future generations, to paraphrase the preamble to the M4BL Reparations Now Toolkit.

One step in many towards healing and restorative justice.

Categories
Organizing Social Justice

Commentary: On the Narratives Around the Atlanta Massacre

| Marion Yuen |

It hurts. We are all grieving.

The most important protection is solidarity by comrades, those who say they are our friends and colleagues.

The most important help at this time is for as many people on as many platforms as possible to insist that the message of the police and the murderer not be normalized.  

We need as many public messages of solidarity as possible and sincere acknowledgment of our talents, contributions & needs as real human individuals and as particular communities.

If there is anything we learned from the Greensboro Massacre, the first 1-2 weeks are critical. In 1979, once the “shootout-by-2 sides” message became established as the “normal” media theme and umbrella, we were forced to fight out of it, often defensively.

I’ve been calling on political allies, elected officials and those who want our votes-talents-help-contribution. This is the time to speak out and BE in solidarity.

Comrades, every bit helps.

As I write this message, the Brooklyn Borough President (who is running for Mayor) just announced a solidarity and support rally on Sunday. 

Our people have been busy organizing.

Categories
Commentary Social Justice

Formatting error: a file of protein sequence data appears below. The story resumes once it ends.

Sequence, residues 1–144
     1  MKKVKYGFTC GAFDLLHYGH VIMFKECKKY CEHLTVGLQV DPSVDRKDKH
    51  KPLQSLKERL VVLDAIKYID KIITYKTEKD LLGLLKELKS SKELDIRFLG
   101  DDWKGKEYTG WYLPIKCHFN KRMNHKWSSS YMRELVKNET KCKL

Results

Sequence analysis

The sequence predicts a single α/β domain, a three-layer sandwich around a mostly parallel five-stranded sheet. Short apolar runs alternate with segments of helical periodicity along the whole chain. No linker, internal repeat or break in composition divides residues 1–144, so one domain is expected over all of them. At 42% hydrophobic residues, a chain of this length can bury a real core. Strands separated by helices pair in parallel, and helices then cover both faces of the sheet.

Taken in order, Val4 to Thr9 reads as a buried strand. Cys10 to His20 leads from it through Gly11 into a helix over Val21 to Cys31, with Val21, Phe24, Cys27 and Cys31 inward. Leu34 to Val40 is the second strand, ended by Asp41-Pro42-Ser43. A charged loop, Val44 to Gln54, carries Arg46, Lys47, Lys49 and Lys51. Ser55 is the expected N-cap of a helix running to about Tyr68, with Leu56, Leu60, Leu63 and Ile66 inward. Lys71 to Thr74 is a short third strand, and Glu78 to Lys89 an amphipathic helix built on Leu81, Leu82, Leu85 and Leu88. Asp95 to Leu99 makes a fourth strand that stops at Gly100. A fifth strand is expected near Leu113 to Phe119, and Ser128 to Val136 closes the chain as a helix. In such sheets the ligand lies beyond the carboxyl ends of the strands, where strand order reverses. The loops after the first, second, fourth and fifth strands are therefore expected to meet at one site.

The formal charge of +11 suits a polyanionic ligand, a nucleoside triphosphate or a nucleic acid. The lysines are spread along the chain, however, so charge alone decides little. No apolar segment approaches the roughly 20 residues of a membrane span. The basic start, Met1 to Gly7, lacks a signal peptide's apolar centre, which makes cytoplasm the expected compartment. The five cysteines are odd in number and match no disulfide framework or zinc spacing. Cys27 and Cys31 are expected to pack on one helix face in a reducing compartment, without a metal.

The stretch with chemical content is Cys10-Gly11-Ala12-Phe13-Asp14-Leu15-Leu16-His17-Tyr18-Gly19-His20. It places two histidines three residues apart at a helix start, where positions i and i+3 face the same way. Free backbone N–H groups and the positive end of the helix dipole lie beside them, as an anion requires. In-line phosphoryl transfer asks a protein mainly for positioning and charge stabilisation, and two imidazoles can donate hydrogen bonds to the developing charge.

Commentary: On the Atlanta Massacre

| Sally Alvarez |

I want to acknowledge and mourn the horrific violence that happened in Atlanta on Wednesday. Now is also the time to check in with our AAPI family members and let them know we are listening for them. We hear and see you.

The more we learn about this attack, the clearer it becomes that it was an attack cooked in a horrific stew of racism, misogyny and toxic, deranged, religious fundamentalism driven even further aboveground by the racist rhetoric coming out around the pandemic. It reveals a lot about our culture and politics that Americans would rather not face, and it’s only the latest attack in a long and ugly history.

One of the most compelling and transformative elements of our CWP history was its broad reach across racial and national divisions. Many of us have had deep and meaningful relationship with so many people across those divisions that we never would have had without our common journey. This is an example of targeted violence that reverberates with the hatred and racism that also fueled November 3rd.

We must also seek our other ways we can contribute to a response or offer comfort to those in our family who are feeling this the most painfully and deeply.

Below is a powerful video by John Kim at the Advancement Project. I encourage you to view and circulate the clip as we build solidarity with AAPI communities and allies against white supremacy.